Sunday, October 31, 2010

Rallying for Sanity

All the crowd's a stage at Sanity rally. (Photo by David Ettlin)

View from the crowd
at Stewart/Colbert rally

'Moderation in Defense of Liberty is No Vice'

We traveled by train to Washington Saturday for the Jon Stewart/Stephen Colbert Rally to Restore Sanity and/or Fear.

You might have seen us there, if you were looking down from a helicopter. We were the couple sitting on a bench near an oval of parked bicycles, close to half a mile from the stage.

But we didn’t see much of anything on stage. We were so far back, even the TV monitors and sound system set up for the nearly impenetrable crowd packing the National Mall, between Third and Seventh streets, did not reach us.

Still, it was worth every minute of a very long day, from the wait at the BWI station for our delayed, fully-booked 9:30 a.m. Amtrak train, to the mob scene at Union Station and the 5:20 p.m. return trip. At the stations and the hours between was the real celebration – people of all sorts, race, gender, religion, national origin, calling for a little sanity in a world more often depicted as out-of-control crazy and scary.

They came from across the country. We met and chatted with folks who traveled from the states of Washington, Vermont, Connecticut and New Jersey, among others, to be part of the mob of reasonable people.

Not that all of them looked that reasonable, of course. There was a gorilla in a dark business suit, carrying a briefcase; there was a young woman costumed as a multi-fear combination vampire, witch and overzealous Christian; folks with painted bodies; a guy in a Captain Crunch outfit worthy of his own cereal box; a couple of red-and-white-dressed Waldos; an Army paratrooper (with a cleverly modified umbrella) accompanied by a curvaciously dressed red hotline phone; and witches galore spoofing Delaware’s Tea Party-Republican Senate candidate.

The signs many carried were a tribute to American creativity. Here’s a few:

God Hates Idealogues.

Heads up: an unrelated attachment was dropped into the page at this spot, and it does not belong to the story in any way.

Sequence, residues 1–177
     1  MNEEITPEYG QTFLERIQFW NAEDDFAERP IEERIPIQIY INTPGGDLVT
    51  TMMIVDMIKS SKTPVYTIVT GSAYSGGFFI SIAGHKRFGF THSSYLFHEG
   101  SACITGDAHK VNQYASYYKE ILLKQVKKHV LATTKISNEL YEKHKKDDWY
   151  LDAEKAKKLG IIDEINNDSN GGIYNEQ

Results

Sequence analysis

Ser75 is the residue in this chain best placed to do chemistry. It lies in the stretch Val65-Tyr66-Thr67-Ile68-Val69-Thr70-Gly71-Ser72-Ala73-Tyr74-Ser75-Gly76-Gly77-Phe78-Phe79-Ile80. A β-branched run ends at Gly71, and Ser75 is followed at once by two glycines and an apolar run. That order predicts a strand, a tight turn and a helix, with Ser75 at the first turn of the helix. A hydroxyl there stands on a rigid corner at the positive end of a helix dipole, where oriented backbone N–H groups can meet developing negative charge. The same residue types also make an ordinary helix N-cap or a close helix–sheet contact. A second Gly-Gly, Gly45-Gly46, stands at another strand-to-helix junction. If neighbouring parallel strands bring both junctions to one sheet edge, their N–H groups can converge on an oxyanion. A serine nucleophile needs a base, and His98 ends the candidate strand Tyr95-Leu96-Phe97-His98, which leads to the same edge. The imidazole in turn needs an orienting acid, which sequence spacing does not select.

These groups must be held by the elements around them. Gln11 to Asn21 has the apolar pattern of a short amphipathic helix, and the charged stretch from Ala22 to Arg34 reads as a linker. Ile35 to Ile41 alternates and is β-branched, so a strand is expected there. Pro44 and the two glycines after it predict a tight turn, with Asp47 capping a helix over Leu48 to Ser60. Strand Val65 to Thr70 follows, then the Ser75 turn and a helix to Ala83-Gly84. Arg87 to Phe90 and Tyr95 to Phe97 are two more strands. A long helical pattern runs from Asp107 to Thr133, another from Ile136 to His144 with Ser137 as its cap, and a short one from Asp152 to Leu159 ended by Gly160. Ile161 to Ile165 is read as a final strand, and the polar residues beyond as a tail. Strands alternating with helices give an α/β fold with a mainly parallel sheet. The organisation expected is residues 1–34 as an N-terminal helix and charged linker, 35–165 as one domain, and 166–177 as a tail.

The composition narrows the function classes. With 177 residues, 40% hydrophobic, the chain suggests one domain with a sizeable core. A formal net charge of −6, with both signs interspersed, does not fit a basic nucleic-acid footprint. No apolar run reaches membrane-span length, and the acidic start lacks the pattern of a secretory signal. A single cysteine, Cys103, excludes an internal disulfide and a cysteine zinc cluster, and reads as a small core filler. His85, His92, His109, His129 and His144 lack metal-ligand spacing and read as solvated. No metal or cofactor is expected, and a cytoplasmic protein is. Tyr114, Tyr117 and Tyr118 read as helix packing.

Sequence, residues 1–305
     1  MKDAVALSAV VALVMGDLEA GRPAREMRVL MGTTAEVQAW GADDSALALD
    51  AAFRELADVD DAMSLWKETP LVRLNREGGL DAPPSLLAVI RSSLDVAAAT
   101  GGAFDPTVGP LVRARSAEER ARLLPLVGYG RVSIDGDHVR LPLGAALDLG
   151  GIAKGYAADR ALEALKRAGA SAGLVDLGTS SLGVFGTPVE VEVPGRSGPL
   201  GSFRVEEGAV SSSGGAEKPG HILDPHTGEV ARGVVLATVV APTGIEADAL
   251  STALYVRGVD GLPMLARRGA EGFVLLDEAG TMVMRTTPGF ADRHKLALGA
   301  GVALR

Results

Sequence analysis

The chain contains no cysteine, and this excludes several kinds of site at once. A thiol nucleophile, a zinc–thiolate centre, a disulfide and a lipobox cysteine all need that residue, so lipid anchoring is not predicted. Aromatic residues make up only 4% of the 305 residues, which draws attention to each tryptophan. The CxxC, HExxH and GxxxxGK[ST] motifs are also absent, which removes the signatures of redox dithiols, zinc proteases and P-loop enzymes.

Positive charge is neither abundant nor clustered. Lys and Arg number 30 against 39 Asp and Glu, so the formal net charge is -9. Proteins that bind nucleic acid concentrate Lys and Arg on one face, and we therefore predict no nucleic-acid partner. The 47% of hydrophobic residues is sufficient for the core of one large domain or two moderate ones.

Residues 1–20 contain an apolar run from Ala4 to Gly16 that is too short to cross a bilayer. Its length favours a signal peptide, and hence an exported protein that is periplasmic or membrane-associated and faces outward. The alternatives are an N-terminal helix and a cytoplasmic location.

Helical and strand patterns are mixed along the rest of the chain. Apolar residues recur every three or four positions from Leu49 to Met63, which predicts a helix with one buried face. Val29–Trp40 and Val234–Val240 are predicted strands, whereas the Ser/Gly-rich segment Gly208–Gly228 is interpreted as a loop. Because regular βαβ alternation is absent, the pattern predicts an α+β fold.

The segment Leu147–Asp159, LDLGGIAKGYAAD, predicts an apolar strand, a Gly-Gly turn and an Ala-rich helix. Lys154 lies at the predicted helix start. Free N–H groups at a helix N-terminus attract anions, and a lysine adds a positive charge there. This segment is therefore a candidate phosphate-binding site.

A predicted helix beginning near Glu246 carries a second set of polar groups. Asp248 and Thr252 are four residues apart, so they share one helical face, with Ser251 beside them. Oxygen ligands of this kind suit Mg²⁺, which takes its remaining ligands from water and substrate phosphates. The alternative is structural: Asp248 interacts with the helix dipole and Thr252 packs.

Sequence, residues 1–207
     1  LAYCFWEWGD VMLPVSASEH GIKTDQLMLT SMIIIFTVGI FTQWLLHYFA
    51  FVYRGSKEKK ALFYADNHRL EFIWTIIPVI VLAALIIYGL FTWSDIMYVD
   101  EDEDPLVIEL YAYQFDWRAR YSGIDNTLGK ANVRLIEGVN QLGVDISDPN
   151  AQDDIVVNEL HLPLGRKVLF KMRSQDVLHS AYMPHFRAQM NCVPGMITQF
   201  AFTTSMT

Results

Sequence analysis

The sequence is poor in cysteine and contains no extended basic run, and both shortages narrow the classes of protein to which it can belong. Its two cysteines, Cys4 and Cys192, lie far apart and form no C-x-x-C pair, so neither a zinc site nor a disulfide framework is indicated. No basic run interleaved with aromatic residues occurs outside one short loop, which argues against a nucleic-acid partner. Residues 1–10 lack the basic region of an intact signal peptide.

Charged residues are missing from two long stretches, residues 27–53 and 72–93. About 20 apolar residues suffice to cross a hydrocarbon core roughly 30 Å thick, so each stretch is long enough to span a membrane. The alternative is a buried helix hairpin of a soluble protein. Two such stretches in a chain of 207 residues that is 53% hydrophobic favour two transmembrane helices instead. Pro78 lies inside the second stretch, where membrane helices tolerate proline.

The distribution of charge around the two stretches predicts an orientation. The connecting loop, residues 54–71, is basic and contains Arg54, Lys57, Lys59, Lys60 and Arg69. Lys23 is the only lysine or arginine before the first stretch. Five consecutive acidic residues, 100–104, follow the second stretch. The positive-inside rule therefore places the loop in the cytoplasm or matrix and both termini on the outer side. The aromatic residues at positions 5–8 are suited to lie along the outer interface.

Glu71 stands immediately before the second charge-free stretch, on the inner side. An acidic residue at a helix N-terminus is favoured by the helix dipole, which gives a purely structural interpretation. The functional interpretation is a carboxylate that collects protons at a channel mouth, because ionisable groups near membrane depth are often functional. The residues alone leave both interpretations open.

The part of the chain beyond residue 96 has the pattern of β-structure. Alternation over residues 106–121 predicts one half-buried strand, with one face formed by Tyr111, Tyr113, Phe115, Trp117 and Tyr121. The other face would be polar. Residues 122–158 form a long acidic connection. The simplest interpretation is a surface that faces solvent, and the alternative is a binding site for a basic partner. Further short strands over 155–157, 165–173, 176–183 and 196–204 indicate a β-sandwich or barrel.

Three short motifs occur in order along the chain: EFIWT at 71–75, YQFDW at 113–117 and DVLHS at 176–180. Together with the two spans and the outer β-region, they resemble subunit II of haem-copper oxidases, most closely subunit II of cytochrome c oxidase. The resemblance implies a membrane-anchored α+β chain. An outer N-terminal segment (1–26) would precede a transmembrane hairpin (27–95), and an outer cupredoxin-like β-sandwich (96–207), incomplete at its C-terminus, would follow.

Fear Me / I Vote

We have nothing to fear but fear itself AND BEARS

Objective Journalism is Sexy

Moderation in Defense of Liberty is No Vice

Trickledown Economics is a Golden Shower

Palin Snookie 2012

No, I’m Hitler

Right-wing extremists should be killed … but in a nice way

Ich Habe Angst

All we are saying is give thought a chance. After 8 years, NOW you’re mad?

Colbert = Wit; Beck = Half-Wit

Go With Know/ Not No

On the train back to BWI, we met an elderly sex educator from New Jersey (Sex Educators for Sanity) who told of seeing this sign: Abstinence makes the church grow fondlers.

We arrived at the Mall about 10:30 a.m., and the rally viewing area was already jammed. So we kept walking, our backs to the Capitol and toward the Washington Monument. For more than an hour, people continued to stream into the Mall, from side streets and from the direction of the monument. By the thousands they came, a mist of sandy dust from unpaved paths rising from their marching feet. It was an unending parade of costumes, signs, and humanity.

Estimating crowd size is just that -- an estimate. My best guess is that it numbered in the hundreds of thousands, maybe approaching half a million. Call it the 400,000-Hippie March. Strangers talked to strangers. People made new friends. Lovers kissed. Two men walked hand-in-hand. A costumed couple carried their three-month-old twins… future social activists, one might guess, should they follow parental example. A woman in her 50s held up a sign for legalizing pot.

After we got home, we watched the rally on television – I had recorded the live Comedy Central production on our high-def DVR system.

Highlights? Who knew that Kid Rock could pen so moving a song, performing publicly for the first time, with Sheryl Crow, his lyrics about how we may not be able to solve the world’s pressing problems, but we can care.

And after much comedy, there was Jon Stewart’s closing speech -- which had its light moments, such as acknowledging some may have come to visit the nearby Smithsonian Air and Space Museum “and just got royally screwed.” But he had some serious points to make about the reasons underlying the event

"This was not a rally to ridicule people of faith, or people of activism, or to look down our noses at the heartland or passionate argument, or to suggest that times are not difficult and that we have nothing to fear. They are and we do. But we live now in hard times, not end times."

Where in most of his Comedy Central “Daily Show” episodes Stewart skewers the media with sarcasm and satire, he admonished it at the rally.

“The country's 24-hour political pundit, perpetual panic conflictinator did not cause our problems. But its existence makes solving them that much harder," he said. "If we amplify everything, we hear nothing."

Ordinary folks in America work every today to solve problems, he said, contrasting that with the failures to do likewise in the Capitol behind his stage and on cable television.

“Sanity will always be and has always been in the eye of the beholder,” he concluded, looking across the sea of people stretching far back along the Mall. “To see you here today and the kind of people that you are has restored mine.”

For our little part, two people invisible in the crowd, the pleasure was ours.

His entire speech is well worth reading – or hearing. Doubtless it will be posted soon on his Web site. It’s easy enough to find in a Google search for “Jon Stewart rally speech.”

For more rally photos, visit Bonnie’s Journeys blog. (The squirrel was really there.)